This post is today's religion column for the Tribune & Georgian
This past Monday evening, I joined more than 20 St. Marys residents and my fellow pastor Rick Douylliez in speaking to our city council about beginning curbside recycling. Asked to present one very brief fact as part of the presentation, I did what most preachers do, I took advantage of standing at a lectern to say a bit more.
I said that I wish that I could give a biblical justification for curbside recycling, but that would take at least 45 minutes and then I added in jest that it would probably end in me convincing them that those who don’t recycle go to Hell.
Of course it is bad Christian theology to suggest that we are saved by anything other than faith in Jesus. And so your salvation does not depend on recycling. But just because your eternal destiny isn’t at stake, does that really mean that God has no opinion on the matter?
I think instead one will find that a careful reading of scripture points to sound biblical reasons why both Christians and Jews should do what is in their power to do when it comes to wise use of the earth’s resources.
In going back to Genesis, we find that humans are to be caretakers of the earth. Proper stewardship of creation was an important task God gave to humanity. We should be as interested in caring for the earth as we are in fulfilling God’s other commands.
Even before God created humans, God’s plan called for a close, mutually beneficial relationship between humanity and the rest of creation. In Genesis 2:4-25 we find a deep connection between the human and the plants. The fertile soil is in Hebrew Adamah and mankind in Hebrew is Adam. The adam and the adamah need one another. We are humans of the humus and care of that fertile soil is part of our charge from God. For not only does the humus need the rain, which God will provide, but it needs the human.
Genesis 2:5 says that “all the plants of the field were not yet sprung up because the Lord God had not yet caused it to rain upon the earth and there was no human for the working of the humus.”
The New International Version translates Genesis 2:15 saying God put the human in the garden in order to “to till it and keep it.” The Hebrew words are avad and shamar. The range of meaning for avad includes “work,” “worship,” and “service.” Avad can mean to “dress” or “till” when applied to farming. Shamar has a range of meaning including “guard,” “watch,” “observe,” “preserve,” and “keep.”
By “range of meaning” I mean that even such a venerable translation as the King James Bible will translate the words avad and shamar in these different ways depending on the context. One may translate Genesis 2:15 saying we were put in the garden “to work and to watch” or “to serve and preserve.” Whatever translation you arrive at should be consistent with the rest of scripture. And elsewhere we find this close connection between mankind and the rest of creation.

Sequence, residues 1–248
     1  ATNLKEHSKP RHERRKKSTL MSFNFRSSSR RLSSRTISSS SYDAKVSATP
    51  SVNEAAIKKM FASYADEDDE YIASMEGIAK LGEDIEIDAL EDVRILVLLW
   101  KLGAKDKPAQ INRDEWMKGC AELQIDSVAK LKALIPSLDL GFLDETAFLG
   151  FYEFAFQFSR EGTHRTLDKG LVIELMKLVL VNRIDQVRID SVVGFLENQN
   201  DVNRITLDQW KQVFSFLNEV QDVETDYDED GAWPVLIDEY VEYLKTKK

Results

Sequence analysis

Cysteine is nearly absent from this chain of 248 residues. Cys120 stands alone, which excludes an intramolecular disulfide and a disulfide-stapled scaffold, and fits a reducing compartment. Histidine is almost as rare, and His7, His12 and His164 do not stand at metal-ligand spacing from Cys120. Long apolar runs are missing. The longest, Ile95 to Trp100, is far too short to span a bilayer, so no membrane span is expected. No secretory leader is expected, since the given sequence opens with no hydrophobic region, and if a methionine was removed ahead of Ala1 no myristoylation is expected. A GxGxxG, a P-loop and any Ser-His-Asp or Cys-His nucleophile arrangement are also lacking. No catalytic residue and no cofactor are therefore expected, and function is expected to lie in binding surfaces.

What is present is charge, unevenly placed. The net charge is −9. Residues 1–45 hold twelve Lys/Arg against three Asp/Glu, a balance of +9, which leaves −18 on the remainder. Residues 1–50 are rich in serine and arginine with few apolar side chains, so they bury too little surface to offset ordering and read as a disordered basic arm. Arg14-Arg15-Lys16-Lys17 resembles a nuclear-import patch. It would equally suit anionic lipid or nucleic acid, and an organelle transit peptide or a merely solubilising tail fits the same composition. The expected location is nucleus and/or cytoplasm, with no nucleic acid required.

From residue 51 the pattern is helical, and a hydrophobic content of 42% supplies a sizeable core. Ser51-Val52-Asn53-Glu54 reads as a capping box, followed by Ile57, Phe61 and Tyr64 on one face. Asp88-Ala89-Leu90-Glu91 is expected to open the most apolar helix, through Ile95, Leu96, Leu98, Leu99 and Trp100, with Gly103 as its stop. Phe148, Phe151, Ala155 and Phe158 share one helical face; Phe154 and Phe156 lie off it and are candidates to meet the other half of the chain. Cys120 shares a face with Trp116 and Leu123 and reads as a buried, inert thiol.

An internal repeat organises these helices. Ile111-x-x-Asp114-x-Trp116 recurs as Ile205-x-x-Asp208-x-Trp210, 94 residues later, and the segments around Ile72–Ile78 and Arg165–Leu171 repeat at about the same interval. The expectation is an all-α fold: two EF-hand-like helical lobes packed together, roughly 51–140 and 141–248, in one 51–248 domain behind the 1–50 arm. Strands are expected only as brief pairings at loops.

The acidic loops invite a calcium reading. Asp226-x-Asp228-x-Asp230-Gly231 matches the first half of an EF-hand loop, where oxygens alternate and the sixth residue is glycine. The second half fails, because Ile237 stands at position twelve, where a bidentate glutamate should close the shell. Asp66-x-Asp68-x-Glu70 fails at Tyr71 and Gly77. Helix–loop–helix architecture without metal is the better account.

This is consistent with the prophet Amos who demonstrated the organic connection between the plants of the field and the humans (Amos 4:7-10). When humans are out of relationship with God (as shown through the treatment of the poor in a time of relative wealth) the crops suffer along with the people.
The prophet Hosea also cried out against the people (Hosea 2:8-9) for forgetting that the fruit of the land comes from God. When the people return to right relationship with God (Hosea 2:14-23), the land is made fruitful once again.
Humanity was created to be in relationship with the land as well as with God. We are to care for the land through working the land and preserving the land. God created us to be dependent on one another. When humans fail to steward the land, as God created us to do, both the land and humanity suffer.
I don’t think it is a stretch at all to say that when Jesus spoke against people not using wisely the gifts God had given them that the gift of creation was included. In Matthew 25:14-30, Jesus tells of a man going on a journey who entrusts to his slaves his possessions (named talents in the parable, for an amount of money common at the time). On his return, each is called into account for the ways in which he cared for his masters possessions. Clearly this includes our care of the rest of creation.
This is where we return to recycling. For in recycling we reuse resources in such a way as to get maximum return. Rather than wasting energy to make new glass or new aluminum while tossing out perfectly good glass and aluminum, recycling recreates the old into the new. This saves energy, creates jobs and extends the amount of resources available to us. Recycling then fits with the wise use of resources Jesus taught in his parable of the talents. It also fits with the preservation of earth’s resources assumed in Genesis.
But to be honest, a sound biblical look at how humans are to be stewards of the earth doesn’t support curbside recycling. To be honest, curbside recycling is just the first step, the barest necessity once we take God’s charge to us seriously. So you can blow off recycling and get to heaven. But when you do, you may still have to make an account to your creator for why you didn’t do what was in your power in caring for the creation.
(The Rev. Frank Logue is pastor of King of Peace Episcopal Church in Kingsland.)
Labels: ecology, Recycling